In Some Corner of a Foreign Field …
In Memory of
6143059, 2/6th Bn., East Surrey Regiment
who died age 21
on 10 June 1940
Son of George Edward and Evangeleen Kathleen Riley, of Teddington, Middlesex.
Remembered with honour
Alfred Edward 'Sandy' Riley was born 22 November 1918, at the end of one war, and died at the beginning of the next.
I first encountered Riley in 1999 when I read my father's story as told in the book 'Conscript Heroes'. Riley was Captain Alec Thomson's despatch rider. During the withdrawal of the 2/6 East Surreys from their positions near Aumale, they ran into a French unit being pursued by German tanks. In the subsequent confusion, Riley was accidently shot by a man with a Bren gun. My father records seeing Riley slumped over his motorcycle as they drove off. In 2003 I posted part of the story, including the incident with Riley, on the BBC People's War Site.
In February 2006 I was contacted by Brian Riley, asking if this could be the same Riley as his father's cousin Alfred Edward who had been killed in France in 1940. If so, did I have any more details about his death. Originally all Brian had known was that Sandy (aka Teddy) Riley had joined the BEF but never returned from France. Having already started research into another family member, Brian then checked the Commonwealth War Graves Commission (CWGC) internet site for details of all soldiers named Riley killed in France in 1940 and narrowed his search down to Alfred Edward (hence Teddy) Riley who died 10 June. Subsequent internet searches found the BBC entry and so Brian emailed me.
Sandy's untimely death devastated the Riley family and Brian's initial concern was not to tell his father that his cousin had probably been killed by a fellow soldier rather than direct enemy action. It had always been assumed that Sandy died in an air attack or something similar, which was tragic enough, but to be told at this late date that he died as result of 'friendly fire' was too awful. Brian asked if I minded him passing on a slightly amended version of the diary extracts to avoid any direct mention of the Bren gunner - of course I didn't mind, and nor I assured him, would my late father.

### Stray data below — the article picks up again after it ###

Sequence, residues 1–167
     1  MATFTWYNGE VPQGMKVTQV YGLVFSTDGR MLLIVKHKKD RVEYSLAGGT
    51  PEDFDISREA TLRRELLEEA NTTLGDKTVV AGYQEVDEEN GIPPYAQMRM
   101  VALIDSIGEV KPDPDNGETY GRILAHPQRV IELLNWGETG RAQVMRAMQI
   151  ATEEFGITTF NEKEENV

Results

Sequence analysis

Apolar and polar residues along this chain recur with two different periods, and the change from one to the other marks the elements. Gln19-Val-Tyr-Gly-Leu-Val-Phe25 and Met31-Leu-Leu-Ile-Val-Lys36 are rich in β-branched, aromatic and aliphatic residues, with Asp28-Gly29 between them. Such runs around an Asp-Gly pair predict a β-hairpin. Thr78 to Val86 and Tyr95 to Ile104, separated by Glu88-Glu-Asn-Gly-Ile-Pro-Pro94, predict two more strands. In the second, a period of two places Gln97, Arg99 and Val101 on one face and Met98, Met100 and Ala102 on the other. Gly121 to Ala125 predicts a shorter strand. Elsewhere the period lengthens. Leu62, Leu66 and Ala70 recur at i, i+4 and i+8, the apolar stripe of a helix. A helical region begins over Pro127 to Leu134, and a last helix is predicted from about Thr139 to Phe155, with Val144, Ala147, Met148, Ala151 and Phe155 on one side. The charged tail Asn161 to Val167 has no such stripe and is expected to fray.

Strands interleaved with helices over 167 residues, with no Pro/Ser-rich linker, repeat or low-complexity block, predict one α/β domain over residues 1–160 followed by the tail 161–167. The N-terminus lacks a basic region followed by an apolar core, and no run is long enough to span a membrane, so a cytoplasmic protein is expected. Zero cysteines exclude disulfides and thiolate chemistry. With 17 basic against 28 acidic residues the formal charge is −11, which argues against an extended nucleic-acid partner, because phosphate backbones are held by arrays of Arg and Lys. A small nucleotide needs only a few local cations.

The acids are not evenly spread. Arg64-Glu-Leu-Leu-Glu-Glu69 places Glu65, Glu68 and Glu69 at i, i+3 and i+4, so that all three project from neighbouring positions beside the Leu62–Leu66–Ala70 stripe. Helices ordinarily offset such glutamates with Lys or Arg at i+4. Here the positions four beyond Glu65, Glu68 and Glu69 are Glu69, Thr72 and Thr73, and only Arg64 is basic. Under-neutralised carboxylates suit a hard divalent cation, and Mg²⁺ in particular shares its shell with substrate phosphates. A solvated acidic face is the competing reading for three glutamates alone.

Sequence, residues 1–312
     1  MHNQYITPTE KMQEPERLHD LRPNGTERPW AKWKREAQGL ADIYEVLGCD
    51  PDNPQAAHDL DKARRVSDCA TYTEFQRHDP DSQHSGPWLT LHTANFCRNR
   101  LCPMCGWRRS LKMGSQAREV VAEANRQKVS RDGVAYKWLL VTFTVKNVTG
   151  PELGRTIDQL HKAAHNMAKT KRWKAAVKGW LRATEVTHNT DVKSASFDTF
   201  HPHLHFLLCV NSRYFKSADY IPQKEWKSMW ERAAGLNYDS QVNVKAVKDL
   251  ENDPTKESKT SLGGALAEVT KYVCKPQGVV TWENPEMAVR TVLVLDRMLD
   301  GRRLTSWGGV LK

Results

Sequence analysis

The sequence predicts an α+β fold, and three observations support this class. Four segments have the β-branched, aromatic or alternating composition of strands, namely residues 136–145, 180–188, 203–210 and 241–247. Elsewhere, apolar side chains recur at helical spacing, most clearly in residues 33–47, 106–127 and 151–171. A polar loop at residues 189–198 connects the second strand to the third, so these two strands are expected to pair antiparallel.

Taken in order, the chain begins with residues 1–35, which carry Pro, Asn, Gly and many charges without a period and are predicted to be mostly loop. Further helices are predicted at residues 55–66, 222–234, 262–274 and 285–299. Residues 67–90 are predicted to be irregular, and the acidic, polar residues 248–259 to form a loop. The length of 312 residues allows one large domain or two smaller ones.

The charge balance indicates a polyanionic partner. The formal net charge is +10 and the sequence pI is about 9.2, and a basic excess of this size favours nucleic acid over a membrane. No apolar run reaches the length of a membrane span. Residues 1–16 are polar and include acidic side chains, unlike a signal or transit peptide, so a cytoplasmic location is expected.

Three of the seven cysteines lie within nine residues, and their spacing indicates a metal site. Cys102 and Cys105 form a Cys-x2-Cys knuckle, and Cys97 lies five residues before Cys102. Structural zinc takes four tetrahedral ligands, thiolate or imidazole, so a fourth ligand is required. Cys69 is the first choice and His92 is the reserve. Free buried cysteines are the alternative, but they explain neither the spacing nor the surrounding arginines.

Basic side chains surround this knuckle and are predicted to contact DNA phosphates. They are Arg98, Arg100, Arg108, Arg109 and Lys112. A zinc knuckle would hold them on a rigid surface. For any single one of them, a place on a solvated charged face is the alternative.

In 2007 Brian emailed me again: he was planning a trip to France to visit Sandy's grave and to see the various places that Sandy would have been and asked if I had any more details of the various actions that the 2/6 Surreys had been involved in. I sent him copies of two maps that Alec Thomson produced on his return to England (kindly given me by John Redfern) along with details of my own visits to the area. On his return, Brian then sent me some of the pictures he took, along with more details.
Brian knew that Sandy was buried in a tiny churchyard at Dracqueville - originally two French soldiers killed that same day had been buried alongside him, but they had subsequently been moved, and now Sandy lies alone. On his visit, Brian met the Leroux family who have taken on the responsibility of caring for Sandy's solitary grave for the last sixty years. He was also shown the point on a nearby road where Sandy was first buried, believed to be where he and the two French soldiers died that Monday afternoon in 1940.
The lonely grave of Pte Alfred Edward Riley at
St Pierre-Benouville (Dracqueville) Churchyard
Brian Riley (centre) and the Leroux family who
take such good care of Sandy's grave
This is where Sandy Riley died as the East Surreys
paused during their withdrawal from Aumale
Pte Graham Eric Richardson and six other soldiers
rest here at Lannoy Cuilliere Cemetery
In Memory of
6145481, 2/6th Bn., East Surrey Regiment
who died age 20
on 10 June 1940
Son of Gerald Graham Richardson and Kathleen Mary Richardson, of Putney, London.
Remembered with honour
Buried nearby, and also mentioned by my father, is Pte Graham Eric Richardson. Graham Richardson died the same day as Sandy Riley, he was just twenty years old.
"Richardson, the best looking lad of the Army class ... I looked at his rifle. Called up for Service he had never fired a shot, never in practice and never in war. He was in the front line with clean gun. Next to him was a French policeman, one clean bullet hole on the bridge of his nose, laying peacefully on his face".
I asked Brian if he could visit Richardson's grave as well and he sent me pictures of the little CWGC site in the Lannoy Cuillere Cemetery where he rests with six other British and Commonwealth soldiers.
Not far away is yet another another 2/6 East Surrey man lost during that chaotic retreat. Twenty-four year old 6141719 Cpl George Wells was killed on 11 June 1940. Today Cpl Wells rests together with an unknown soldier, in their own immaculately maintained plot surrounded by French graves in the churchyard at St Oeun-le-Mauger.
I have posted this article as a memorial to two men that my father knew briefly, and as a reminder to readers of the tragedy of war and how it can still affect our lives today. I was particularly moved by Brian's story and even more so by the photographs he sent me. I have used some of Brian's own words in the text as I couldn't better their sentiments. The memorial texts are taken from the CWGC website.